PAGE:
It's funny, my nonsurfing friends, who for the most part have never seen me in the water, think I'm cool and brave and wonderful for trying so valiantly to learn to surf. One even calls me her "role model". Of course, the image in their minds is of me riding a wave, not flailing around. They'd feel differently if they could actually see me. (One of them, bless her heart, saw me ride a wave in sitting down and said, "You did good, I thought that was what you were supposed to do.") Nevertheless, even though it's unrealistic, I try to see myself as they see me, not as the surfers see me.

Saturday, April 19, 2008

Surf lessons from myself

Today we were back to the small, crappy waves we're so used to around here. It wasn't as crowded out, not bad for a Saturday. There were only five people out at the jetty, so I decided to go there.

All guys again ("chick" applied once more), no one seemed to be with anyone else, not much talking. We jockeyed for position with what might be called, at other beaches and in other circumstances, plenty of snaking and dropping in. I kept trying to get closest to the jetty, so I wouldn't have to worry about getting hit by someone I didn't see going left, but someone was always paddling around me. Silently, and without stinkeye so it was hard to interpret. That used to be the best takeoff spot, but it usually isn't anymore, so there wasn't that much advantage to being there except that it is usually where waves are steepest on a small day like today.

I had a hard time getting waves at first. I kept thinking that all the guys were watching me not getting waves, and that's why they were paddling around me and taking off on the same waves as me, because they quickly wrote me off as a buoy. Does that really happen? I think it does, but I don't know. The thought was depressingly familiar: No one lets me get waves because I can't surf and I can't surf because no one lets me get waves and there is no way out of this conundrum. Even with only six of us in the water, I felt like I might as well give up.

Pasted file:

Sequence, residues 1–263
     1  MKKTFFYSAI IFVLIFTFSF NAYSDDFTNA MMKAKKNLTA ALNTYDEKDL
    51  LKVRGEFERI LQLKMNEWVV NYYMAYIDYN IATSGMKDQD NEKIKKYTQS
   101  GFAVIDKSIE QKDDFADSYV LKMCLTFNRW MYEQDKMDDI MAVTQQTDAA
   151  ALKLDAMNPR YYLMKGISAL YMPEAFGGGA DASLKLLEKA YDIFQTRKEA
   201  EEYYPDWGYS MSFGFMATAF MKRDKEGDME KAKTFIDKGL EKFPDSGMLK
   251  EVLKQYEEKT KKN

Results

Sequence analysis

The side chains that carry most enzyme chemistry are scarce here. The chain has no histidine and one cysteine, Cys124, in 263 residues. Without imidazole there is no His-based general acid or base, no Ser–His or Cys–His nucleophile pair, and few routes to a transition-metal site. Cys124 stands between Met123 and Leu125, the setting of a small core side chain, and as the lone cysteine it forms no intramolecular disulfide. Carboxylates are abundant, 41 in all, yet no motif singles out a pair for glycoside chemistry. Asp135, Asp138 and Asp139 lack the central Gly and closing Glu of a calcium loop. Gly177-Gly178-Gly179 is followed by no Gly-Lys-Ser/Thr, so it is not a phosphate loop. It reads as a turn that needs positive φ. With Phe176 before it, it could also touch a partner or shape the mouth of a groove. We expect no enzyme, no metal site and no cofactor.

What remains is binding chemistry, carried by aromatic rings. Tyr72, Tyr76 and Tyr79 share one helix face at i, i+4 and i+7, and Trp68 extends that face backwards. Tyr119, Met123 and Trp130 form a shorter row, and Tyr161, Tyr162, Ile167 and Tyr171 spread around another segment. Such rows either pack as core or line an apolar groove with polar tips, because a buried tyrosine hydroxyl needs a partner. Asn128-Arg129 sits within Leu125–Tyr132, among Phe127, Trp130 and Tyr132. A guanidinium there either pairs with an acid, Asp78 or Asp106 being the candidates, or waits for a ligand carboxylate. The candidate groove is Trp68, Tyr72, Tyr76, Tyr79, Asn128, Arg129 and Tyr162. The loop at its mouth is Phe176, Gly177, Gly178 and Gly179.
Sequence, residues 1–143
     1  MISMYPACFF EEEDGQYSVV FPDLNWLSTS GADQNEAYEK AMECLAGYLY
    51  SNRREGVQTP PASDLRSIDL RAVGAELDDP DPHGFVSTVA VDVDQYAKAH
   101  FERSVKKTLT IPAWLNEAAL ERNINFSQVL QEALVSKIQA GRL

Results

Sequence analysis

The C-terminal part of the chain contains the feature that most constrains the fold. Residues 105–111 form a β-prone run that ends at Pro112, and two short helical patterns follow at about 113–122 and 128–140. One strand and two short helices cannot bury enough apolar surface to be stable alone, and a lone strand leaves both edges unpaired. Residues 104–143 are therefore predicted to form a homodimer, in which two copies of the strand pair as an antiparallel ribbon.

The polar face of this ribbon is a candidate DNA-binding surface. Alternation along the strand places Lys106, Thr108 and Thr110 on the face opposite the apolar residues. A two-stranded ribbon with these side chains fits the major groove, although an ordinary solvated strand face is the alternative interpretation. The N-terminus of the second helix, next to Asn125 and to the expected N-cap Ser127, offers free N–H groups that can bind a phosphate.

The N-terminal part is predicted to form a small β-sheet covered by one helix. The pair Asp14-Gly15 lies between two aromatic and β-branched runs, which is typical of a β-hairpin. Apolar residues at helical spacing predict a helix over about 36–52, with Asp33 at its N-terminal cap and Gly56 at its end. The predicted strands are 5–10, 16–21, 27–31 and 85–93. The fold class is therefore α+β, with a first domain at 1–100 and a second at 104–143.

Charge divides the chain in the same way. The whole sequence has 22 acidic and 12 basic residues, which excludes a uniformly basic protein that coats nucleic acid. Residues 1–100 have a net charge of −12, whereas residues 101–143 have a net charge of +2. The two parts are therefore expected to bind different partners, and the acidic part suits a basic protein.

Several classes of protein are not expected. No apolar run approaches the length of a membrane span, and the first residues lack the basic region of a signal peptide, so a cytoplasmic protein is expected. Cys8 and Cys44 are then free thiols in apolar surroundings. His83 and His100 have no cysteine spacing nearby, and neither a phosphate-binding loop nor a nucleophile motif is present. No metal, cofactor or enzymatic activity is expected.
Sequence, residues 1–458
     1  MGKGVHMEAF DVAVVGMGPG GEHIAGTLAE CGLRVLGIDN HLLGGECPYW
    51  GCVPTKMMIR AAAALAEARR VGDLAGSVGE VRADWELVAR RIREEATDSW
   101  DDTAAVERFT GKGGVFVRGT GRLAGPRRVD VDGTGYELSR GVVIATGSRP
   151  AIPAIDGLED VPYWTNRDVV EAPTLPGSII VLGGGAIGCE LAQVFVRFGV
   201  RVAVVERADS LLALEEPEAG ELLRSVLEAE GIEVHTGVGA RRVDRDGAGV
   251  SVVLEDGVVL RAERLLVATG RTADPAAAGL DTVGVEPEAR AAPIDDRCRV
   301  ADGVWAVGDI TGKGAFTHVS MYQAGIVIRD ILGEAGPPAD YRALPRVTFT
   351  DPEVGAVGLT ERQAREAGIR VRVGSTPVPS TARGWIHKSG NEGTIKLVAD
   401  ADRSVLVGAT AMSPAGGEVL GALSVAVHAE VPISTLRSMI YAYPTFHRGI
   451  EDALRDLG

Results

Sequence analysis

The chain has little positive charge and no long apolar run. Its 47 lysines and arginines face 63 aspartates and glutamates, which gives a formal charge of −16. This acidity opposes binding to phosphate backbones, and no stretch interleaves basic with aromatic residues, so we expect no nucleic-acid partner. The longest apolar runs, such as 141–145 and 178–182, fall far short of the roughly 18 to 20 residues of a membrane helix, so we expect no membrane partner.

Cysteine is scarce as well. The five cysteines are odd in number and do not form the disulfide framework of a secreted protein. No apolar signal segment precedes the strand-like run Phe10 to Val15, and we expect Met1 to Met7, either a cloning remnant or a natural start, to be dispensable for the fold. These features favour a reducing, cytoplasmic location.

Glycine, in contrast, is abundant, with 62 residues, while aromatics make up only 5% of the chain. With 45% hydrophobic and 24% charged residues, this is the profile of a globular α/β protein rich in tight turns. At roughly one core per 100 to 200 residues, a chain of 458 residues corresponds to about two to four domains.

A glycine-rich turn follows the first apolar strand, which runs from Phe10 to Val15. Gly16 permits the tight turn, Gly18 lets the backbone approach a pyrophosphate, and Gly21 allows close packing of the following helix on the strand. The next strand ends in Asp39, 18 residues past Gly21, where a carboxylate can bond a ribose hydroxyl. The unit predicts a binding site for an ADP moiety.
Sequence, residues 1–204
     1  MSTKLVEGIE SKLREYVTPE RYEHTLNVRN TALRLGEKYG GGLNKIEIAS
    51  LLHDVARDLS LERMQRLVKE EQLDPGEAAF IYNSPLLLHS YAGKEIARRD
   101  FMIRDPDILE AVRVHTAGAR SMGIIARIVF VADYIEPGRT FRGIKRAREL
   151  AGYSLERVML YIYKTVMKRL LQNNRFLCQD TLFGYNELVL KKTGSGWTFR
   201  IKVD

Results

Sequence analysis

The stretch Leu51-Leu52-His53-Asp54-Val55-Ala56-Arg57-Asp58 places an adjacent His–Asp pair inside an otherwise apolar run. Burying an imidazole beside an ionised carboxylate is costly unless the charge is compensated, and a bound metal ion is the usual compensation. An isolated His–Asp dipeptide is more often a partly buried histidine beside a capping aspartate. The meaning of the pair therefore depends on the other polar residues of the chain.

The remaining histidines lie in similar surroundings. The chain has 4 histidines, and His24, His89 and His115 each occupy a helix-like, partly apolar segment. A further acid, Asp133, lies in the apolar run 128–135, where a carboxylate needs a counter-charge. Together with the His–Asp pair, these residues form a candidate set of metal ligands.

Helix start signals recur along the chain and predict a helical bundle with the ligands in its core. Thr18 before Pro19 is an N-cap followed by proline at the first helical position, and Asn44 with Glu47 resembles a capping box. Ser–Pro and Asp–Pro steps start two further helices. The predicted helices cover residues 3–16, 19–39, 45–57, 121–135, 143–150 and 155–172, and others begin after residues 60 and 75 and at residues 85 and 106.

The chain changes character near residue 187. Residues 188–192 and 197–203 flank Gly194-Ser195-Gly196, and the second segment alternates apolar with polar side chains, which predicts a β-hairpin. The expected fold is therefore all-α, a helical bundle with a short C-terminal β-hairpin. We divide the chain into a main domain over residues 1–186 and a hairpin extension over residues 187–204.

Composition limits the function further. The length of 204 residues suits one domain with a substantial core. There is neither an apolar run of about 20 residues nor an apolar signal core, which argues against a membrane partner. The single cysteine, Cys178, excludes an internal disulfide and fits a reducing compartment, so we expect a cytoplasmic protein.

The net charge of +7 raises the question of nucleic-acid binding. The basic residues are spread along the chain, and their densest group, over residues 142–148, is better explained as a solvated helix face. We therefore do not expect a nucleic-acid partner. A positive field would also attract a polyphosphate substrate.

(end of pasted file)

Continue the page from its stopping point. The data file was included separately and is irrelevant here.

I spent some time in this trough of despond. Then I just had to talk myself out of it. Four of the guys were people I didn't know even by sight so maybe they weren't paying any attention to me at all or purposely skunking me. The other one was someone I have, let's just say, very good reason to have strong and complicated feelings about. On the rare occasions I see him in the water, this never helps my surfing performance.

I had to shake all these thoughts off. Surfing teaches you, over and over, the irreducible lessons of life, like: Commit yourself 100%. There is no such thing as being too aggressive (a lesson that continues to serve me well in other contexts such as finding Manhattan parking spots, which now miraculously appear whenever and wherever I want them.)

By mid-session, I was getting waves. After a few attempts, I was able to get rides. I got the popup back, not every time but enough to show I can still do it. I moved closer to the jetty every time someone took off from that position. In short, I got my confidence back. I tried for and got more waves. I had fun. My guy went in at some point, I didn't immediately notice, and a couple others appeared.

God bless the two little boys, not more than eight or ten years old, who came out and were immediately friendly and not stinky at all, and whose obvious stoke even as the waves got crappier was contagious.

Friday, April 18, 2008

The myth of learning to surf (or, Where da popup go?)

Good waves were forecast for today. A miracle: not the waves, but that I managed to get up around 6:15. Folks, I didn't even know it got light that early. Well, it does. And I think I got in the water the earliest I've ever been, before 8:00. I know, I know. Some of you can wake up and roll onto the beach. I don't do nuthin' without my coffee and my breakfast. I'm very proud to be out before 8:00.